Emilie Lozier ’18 won this year’s Nexial Prize, a $50,000 award for a graduating science major who has demonstrated both academic excellence and passion for cultural study. Created and funded by an alumnus in 2017, the prize recognizes a student who intends to make a positive impact with a range of skills and interests after graduating.
Science is more than hard facts and numbers—it’s about using cross-disciplinary analytical skills to forge innovative solutions to the world’s most pressing issues. Emilie Lozier ’18 will continue to do exactly that as she heads to Northwestern University’s PhD program in inorganic chemistry this fall. Though Lozier has yet to select a specific lab, her options include exploratory inorganic synthesis, bioinorganic chemistry aimed at elucidating the origin of life, battery materials, and mineral-fluid interfaces in groundwater systems.
“In Oberlin, I was pleased to find an intellectual community that not only accommodated my diverse interests, but also nurtured and celebrated them,” says Lozier, who double-majored in chemistry and French with a minor in geology. “My opinion as a natural scientist could carry weight in a French classroom, and my experience studying linguistic anthropology could inform the way I perceived the language use of certain scientific communities. Instead of compartmentalizing my education, Oberlin has allowed me to synthesize an academic journey seamlessly tailored to my own interests, and it is this blurring of lines that has facilitated my path to the Nexial.”
With the Nexial Prize affording her increased financial flexibility, Lozier plans to pursue what she calls a “PhD sabbatical” at some point. Her experience conducting research in Germany on a DAAD fellowship, an international funding opportunity for students and scholars, influenced her desire to approach her studies on a more international level. Consequently, she hopes to spend an extended period of time during her PhD working with overseas collaborators on a project related to her own.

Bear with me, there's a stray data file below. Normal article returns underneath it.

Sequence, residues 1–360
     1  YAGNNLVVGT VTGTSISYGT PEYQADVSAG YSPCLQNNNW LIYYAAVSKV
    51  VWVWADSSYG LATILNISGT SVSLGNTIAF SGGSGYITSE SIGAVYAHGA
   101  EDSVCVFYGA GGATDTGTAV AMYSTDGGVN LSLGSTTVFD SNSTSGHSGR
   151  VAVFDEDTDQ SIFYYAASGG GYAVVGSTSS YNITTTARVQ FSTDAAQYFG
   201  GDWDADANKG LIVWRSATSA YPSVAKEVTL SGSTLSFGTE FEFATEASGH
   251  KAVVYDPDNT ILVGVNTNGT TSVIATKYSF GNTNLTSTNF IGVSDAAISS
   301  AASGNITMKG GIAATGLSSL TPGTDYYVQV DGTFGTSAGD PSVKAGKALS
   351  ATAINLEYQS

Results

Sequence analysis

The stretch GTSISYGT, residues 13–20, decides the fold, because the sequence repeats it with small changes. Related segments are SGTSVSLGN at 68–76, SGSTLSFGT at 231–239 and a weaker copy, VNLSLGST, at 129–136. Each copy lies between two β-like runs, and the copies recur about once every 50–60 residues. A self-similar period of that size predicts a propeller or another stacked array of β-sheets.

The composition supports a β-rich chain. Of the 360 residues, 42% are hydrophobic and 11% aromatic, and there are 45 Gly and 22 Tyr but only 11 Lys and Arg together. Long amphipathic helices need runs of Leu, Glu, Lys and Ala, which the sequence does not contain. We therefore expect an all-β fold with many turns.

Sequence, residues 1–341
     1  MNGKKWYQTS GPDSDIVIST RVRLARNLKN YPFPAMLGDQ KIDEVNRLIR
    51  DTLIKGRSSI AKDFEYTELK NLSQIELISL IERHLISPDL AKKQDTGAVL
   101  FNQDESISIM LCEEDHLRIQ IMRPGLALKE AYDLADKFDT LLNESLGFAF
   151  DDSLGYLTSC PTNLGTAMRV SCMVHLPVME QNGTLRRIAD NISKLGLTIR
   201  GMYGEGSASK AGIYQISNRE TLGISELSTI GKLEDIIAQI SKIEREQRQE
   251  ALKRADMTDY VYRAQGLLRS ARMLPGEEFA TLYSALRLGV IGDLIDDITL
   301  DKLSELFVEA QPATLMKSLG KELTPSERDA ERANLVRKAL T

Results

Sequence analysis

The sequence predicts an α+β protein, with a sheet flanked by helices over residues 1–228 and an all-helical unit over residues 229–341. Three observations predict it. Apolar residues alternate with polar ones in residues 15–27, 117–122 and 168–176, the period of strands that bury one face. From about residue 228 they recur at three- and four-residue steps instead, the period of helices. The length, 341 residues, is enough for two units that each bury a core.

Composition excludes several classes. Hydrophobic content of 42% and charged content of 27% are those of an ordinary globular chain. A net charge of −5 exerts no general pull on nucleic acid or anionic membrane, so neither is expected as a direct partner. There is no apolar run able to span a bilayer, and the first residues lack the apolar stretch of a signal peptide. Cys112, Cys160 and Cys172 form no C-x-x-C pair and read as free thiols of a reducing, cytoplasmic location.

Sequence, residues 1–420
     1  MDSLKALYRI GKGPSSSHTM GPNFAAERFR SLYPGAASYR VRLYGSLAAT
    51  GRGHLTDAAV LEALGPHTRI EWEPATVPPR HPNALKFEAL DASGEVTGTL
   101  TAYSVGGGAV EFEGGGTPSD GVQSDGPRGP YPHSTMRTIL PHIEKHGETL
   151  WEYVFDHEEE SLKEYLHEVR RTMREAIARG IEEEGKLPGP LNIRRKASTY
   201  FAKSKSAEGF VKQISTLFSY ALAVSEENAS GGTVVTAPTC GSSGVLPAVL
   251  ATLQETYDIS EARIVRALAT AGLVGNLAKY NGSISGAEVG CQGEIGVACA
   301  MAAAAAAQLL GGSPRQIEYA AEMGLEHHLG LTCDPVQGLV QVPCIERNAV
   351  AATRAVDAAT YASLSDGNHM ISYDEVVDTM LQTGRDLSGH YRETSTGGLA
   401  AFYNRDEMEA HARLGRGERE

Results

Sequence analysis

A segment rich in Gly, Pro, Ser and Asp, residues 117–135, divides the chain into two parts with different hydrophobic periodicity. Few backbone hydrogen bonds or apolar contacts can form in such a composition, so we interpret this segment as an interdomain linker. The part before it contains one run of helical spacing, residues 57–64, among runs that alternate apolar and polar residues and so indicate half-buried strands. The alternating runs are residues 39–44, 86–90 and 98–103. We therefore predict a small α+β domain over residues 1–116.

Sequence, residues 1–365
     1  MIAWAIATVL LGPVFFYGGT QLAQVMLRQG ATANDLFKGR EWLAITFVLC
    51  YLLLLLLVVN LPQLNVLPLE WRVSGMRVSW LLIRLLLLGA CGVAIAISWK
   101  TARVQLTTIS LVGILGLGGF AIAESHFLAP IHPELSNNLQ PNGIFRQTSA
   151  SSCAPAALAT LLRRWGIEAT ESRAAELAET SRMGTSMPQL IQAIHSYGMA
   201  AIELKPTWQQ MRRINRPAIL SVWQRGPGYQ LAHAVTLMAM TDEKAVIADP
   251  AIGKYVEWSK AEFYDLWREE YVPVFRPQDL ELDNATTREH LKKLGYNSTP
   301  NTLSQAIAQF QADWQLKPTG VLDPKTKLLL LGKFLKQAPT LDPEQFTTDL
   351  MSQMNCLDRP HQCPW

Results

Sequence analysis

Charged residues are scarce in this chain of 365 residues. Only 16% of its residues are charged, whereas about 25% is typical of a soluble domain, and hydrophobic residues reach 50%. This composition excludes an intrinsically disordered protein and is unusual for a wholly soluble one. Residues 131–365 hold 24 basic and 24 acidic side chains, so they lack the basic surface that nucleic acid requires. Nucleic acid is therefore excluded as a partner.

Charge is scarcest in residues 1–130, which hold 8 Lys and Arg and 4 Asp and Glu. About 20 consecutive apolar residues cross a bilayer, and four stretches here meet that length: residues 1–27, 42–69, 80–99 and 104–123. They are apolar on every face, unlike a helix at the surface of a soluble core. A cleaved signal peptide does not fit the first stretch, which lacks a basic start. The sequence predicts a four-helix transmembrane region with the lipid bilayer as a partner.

“Understanding science in the context of those who create it and the communities to which they belong is important to me, and as a result I will incorporate international travel and collaboration into my PhD to the fullest extent possible,” Lozier says. “One lab that I’m interested in that already has outstanding relationships with research groups in Germany is that of Franz Geiger. If I were to join this group, my research would revolve around materials for next-generation batteries, as well as understanding the effects of discarded nanoparticles in the environment.”
Outside of the classroom, Lozier’s interests are just as broad as her academic ones. Besides participating in the Oberlin Student Cooperative Association, Lozier takes secondary violin lessons in the conservatory, rock climbs, and has worked as a teaching assistant in chemistry and for Oberlin’s alternative student newspaper, The Grape.
“Whereas before I would have been under pressure to choose a project for which I knew could get funding, I will now able to direct and facilitate my research interests with more of an eye for the scientific questions that I believe to be important,” she added. “To have access to this kind of intellectual flexibility is a rare gift, and I am very grateful and humbled to be its recipient.”
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